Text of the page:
And fry an egg I will, after a few additional steps. I rinsed out what had been sanded off and took to the pan with very hot water and a lot of soap. I know I always preach that soap and your cast iron are mortal enemies, and that is VERY TRUE, with one exception. Right before you reseason a pan a gentle soap can be a great help in ensuring that your pan is ready to use with food. I took a good long crack at the pan in the sink, scrubbing it until the cloth wiped clean.  The next step is to season it gently, which will be our next (and final) installment. And then the bacon, naturally.

Part 1 / Part 2 / Part 3 / Part 4


p.s., It’s weird that I didn’t get a lecture from anyone about using the wrong amount of oil in the last post. I get nasty emails about so much less (coughgrammarcough). You guys have gotten soft.

p.p.s. That wasn’t an invitation to send me a lecture, thankskbye.

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Mojito Pie

Here’s my problem with National Pie Month falling during the month of February- there isn’t any good fruit in season. National Pie Month should fall during a month when EVERYTHING is in season and ready to be pied. September, perhaps.  Any month when what is seasonally appropriate includes more than storage apples and nuts.  A month celebrating pie should allow for BERRIES and STONE FRUIT and everything that is FRESH. Not a month where in most of the nation is in deep frost.  It’s just silly.

Early in the week I was thinking that I would make a winter banana pudding. I thought, I haven’t made that one yet, it’ll be a good one for pie month.  Until I remembered that I have made a winter banana pudding for the blog and it was perfect for pie month. Last year. And then I thought about all the pies I made last year and all the pies I could possibly make and then I felt hopeless because they are only so many mousses and chesses and fruit-less pies out there.  I fell into a pit of despair… until the mail came.

Sometime last year Epicurean Charlotte asked if they could use my Chocolate Chess pie and story in their magazine.  I gave them permission and then totally forgot about it, until a friend from Durham saw a copy and offered to mail it to me.  When it came in the mail yesterday I was so excited.  I pored over the two page spread until it finally struck me that they hadn’t used my photo of chocolate chess pie.  In fact, they hadn’t used a photo of chocolate chess at all.  It was a traditional white chess (vanilla/vinegar/lemon/lime/something).  And then I started thinking about lime chess.  And then I decided to make a lime chess pie with a rum crust and mint whipped cream- a mojito pie.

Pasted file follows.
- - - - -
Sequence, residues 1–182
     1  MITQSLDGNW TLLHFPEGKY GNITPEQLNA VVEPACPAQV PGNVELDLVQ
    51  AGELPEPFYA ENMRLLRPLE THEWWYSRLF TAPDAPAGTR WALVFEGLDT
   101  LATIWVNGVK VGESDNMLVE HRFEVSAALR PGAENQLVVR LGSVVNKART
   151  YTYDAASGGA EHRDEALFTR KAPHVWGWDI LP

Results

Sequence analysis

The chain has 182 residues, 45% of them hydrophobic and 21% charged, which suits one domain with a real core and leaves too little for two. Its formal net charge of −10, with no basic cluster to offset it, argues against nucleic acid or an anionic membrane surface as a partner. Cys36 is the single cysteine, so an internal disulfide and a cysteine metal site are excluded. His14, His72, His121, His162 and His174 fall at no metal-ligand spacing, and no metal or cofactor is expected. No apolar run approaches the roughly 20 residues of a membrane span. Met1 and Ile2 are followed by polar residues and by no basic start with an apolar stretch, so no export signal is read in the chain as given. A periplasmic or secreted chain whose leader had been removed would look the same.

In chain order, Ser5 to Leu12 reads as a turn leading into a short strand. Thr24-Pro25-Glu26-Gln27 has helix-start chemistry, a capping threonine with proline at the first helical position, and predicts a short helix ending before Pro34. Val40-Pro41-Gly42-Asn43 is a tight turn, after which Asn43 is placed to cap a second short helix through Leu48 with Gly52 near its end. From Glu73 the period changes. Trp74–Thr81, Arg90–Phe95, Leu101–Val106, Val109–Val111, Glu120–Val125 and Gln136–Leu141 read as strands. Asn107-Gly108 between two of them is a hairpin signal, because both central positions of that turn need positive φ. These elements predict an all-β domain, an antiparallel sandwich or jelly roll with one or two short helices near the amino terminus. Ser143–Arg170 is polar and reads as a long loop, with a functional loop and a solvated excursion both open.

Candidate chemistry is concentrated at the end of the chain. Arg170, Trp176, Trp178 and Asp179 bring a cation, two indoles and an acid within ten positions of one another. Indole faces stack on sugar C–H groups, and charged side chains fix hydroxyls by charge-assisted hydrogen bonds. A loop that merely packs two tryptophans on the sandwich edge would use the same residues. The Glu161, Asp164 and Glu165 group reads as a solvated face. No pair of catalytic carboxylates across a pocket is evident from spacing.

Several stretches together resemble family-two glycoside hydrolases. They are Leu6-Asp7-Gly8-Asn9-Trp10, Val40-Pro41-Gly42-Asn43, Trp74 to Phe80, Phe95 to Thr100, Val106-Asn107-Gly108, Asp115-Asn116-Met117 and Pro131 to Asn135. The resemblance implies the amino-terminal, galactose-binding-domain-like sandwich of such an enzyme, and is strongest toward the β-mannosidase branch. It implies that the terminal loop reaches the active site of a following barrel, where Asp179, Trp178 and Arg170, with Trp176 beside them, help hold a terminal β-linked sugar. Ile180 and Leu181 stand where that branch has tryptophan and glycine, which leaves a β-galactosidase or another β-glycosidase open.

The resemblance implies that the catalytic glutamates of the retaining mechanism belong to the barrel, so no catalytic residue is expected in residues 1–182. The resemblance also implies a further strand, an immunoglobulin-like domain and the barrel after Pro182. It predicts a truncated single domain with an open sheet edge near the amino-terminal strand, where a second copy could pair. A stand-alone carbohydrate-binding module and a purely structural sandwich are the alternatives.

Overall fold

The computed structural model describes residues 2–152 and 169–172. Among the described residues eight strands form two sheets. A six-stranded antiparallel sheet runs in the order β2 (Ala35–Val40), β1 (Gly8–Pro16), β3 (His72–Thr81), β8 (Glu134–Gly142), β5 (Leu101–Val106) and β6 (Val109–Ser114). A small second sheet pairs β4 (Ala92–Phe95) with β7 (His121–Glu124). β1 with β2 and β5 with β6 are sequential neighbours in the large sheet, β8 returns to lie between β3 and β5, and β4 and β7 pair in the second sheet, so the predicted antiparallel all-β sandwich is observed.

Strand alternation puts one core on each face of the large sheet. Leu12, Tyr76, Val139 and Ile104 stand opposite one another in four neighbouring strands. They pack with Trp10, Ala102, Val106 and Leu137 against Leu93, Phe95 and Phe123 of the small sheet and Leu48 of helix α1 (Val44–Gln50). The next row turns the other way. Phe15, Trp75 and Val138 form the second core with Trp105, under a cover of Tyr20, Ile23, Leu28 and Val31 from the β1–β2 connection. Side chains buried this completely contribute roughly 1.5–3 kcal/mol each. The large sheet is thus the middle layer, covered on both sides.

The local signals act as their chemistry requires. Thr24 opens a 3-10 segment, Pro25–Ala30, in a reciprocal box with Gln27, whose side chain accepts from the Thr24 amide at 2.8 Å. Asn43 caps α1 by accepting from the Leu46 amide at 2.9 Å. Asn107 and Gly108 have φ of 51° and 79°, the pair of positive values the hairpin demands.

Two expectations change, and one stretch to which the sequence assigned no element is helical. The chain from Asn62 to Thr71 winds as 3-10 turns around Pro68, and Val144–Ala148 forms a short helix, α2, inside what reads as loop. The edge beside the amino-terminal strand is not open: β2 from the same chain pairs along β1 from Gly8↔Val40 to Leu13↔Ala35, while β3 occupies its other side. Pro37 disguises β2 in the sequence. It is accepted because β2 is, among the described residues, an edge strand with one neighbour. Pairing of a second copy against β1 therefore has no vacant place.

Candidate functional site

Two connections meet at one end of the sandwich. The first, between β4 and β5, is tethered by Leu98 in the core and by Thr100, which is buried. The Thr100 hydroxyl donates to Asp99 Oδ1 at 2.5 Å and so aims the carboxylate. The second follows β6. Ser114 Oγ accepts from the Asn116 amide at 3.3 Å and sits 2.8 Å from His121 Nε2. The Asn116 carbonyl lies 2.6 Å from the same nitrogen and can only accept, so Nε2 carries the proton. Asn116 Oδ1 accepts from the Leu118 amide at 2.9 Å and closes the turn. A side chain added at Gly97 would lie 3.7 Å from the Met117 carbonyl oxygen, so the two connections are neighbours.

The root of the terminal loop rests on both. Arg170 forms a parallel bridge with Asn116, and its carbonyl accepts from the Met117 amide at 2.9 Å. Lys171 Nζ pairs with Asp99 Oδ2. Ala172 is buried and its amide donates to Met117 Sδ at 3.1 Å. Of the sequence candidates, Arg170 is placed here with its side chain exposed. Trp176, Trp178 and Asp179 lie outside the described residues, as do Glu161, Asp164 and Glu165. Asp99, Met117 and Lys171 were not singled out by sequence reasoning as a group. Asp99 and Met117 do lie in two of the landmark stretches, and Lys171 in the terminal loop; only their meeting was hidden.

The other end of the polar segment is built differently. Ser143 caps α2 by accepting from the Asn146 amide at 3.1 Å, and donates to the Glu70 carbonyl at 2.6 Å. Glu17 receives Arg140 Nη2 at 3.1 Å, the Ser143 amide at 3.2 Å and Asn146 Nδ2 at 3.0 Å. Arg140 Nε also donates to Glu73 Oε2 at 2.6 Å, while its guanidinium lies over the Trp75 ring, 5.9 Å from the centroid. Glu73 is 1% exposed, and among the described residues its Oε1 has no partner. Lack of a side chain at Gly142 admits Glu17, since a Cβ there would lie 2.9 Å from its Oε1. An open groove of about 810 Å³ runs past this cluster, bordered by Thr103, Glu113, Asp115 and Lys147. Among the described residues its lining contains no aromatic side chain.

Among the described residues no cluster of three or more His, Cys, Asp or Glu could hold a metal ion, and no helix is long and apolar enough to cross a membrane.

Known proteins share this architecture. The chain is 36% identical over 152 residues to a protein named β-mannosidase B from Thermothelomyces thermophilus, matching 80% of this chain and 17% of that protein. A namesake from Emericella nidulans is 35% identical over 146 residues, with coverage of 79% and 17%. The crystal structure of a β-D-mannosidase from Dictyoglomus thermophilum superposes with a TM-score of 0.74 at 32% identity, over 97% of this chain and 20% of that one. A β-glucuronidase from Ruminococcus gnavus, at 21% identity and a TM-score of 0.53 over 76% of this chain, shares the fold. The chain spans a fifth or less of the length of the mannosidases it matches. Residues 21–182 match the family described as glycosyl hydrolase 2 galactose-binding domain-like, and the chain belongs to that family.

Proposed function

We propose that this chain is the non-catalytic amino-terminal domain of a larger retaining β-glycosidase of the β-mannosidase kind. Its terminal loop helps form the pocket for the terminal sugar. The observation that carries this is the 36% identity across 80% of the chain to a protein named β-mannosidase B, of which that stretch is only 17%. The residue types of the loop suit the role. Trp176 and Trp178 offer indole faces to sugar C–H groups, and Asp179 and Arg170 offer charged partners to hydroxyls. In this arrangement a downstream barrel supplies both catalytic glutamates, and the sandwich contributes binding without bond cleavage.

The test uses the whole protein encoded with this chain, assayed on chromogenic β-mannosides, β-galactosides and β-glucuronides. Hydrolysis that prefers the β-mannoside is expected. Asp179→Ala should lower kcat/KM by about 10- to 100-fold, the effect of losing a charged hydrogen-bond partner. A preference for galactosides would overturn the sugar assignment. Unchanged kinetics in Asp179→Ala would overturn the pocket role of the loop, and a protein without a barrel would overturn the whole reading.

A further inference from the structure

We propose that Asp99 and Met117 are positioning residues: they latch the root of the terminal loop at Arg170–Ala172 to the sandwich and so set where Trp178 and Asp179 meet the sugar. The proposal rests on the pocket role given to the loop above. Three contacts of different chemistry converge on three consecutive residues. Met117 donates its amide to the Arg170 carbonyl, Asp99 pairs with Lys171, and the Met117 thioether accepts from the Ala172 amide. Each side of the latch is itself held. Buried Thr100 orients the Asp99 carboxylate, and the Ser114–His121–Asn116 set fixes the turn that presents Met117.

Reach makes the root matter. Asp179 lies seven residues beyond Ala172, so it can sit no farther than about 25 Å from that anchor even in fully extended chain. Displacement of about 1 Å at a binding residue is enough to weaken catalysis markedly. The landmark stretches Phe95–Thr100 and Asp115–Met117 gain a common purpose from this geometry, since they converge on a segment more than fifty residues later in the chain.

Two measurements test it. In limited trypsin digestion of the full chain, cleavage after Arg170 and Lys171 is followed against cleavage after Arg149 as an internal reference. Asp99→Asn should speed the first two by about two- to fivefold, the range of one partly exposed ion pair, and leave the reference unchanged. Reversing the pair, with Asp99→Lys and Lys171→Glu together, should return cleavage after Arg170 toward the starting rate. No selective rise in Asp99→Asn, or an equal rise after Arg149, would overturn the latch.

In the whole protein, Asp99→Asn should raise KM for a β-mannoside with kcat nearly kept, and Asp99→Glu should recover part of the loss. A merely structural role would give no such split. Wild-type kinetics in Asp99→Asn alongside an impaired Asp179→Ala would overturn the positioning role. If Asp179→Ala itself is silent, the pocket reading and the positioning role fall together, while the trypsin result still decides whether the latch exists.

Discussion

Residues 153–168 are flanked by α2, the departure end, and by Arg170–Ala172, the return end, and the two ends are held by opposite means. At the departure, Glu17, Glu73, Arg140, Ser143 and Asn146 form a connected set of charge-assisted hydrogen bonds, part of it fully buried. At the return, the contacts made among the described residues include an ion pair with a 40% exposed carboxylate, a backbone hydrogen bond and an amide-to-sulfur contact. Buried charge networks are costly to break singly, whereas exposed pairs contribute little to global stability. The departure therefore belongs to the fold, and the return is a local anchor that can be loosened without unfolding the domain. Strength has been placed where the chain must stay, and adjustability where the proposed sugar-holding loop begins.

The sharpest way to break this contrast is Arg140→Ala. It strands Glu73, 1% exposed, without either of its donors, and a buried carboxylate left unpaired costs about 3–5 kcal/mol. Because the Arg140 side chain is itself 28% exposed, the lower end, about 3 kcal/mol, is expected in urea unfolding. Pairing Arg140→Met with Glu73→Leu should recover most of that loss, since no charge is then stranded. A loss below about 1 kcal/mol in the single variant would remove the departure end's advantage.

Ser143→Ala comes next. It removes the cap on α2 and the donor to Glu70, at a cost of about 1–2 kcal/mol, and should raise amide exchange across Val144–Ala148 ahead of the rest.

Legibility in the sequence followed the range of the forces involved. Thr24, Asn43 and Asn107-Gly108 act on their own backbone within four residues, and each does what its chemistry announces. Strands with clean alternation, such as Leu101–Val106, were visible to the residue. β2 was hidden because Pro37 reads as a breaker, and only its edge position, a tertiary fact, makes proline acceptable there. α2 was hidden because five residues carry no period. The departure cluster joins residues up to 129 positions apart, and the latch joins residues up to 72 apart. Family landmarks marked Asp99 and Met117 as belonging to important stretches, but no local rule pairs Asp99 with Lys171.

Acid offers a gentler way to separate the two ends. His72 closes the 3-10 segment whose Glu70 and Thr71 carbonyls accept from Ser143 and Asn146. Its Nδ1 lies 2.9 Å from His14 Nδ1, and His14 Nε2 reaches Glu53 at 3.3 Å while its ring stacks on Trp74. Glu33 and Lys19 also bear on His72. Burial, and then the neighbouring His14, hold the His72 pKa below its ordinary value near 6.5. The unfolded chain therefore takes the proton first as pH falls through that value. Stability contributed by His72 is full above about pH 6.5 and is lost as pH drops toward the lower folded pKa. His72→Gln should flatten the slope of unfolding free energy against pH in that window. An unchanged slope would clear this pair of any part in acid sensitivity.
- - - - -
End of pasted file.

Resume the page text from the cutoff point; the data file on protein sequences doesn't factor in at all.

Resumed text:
As it turns out, mojito pie is pretty delicious. It’s tangy and fresh, not unlike it’s cocktail namesake.  It’s not quite the blueberry peach pie I’m craving, but for February it’s pretty damn good.  And don’t worry, there’s plenty of time for fruit pies later this summer.

Mojito Pie

pie dough

2 1/4 cups flour

2 tbsp sugar

1 tsp salt

1/4 cup vegetable shortening

1 1/2 sticks butter

1/2 cup cold rum

Ice cold water


5 eggs

1 cup sugar

1/2 cup brown sugar

juice of 5 limes

1 tsp vanilla

2 tbsp flour

1/2 cup butter, melted

whipped cream

1 cup heavy whipping cream

Fresh mint

Spearmint extract

Begin by making your pie dough.  Mix together dry ingredients.  Using your hands, work in the shortening.  Cube the butter and cut that in, until the dough has the consistency of cornmeal. Pour in the rum.  Stir.  Add ice water, as needed, until the dough clings. Wrap and refrigerate for at least 1 hour.

To make the chess combine your dry ingredients.  Using an electric mixer, beat them together.  Add the eggs, one at a time.  Add the butter, melted.  Add in vanilla and lime juice.

Heat your oven to 325. Roll out your pie dough and press into pie dish.  Pour filling into the dish.  Bake for 45 minutes or until the pie is brown and mostly set.  If the center is still a bit wobbly, that’s fine.  Let cool.

While your pie is cooling, mash up the mint and soak it in the cream.  If, after 45 minutes or so, the cream is not as minty as you’d like, add a bit of extract.  A VERY small amount. You want the flavor to be subtle.  Remove the mint leaves and whip the cream until it holds stiff peaks.  Spread over pie top and refrigerate for 1 hour before serving.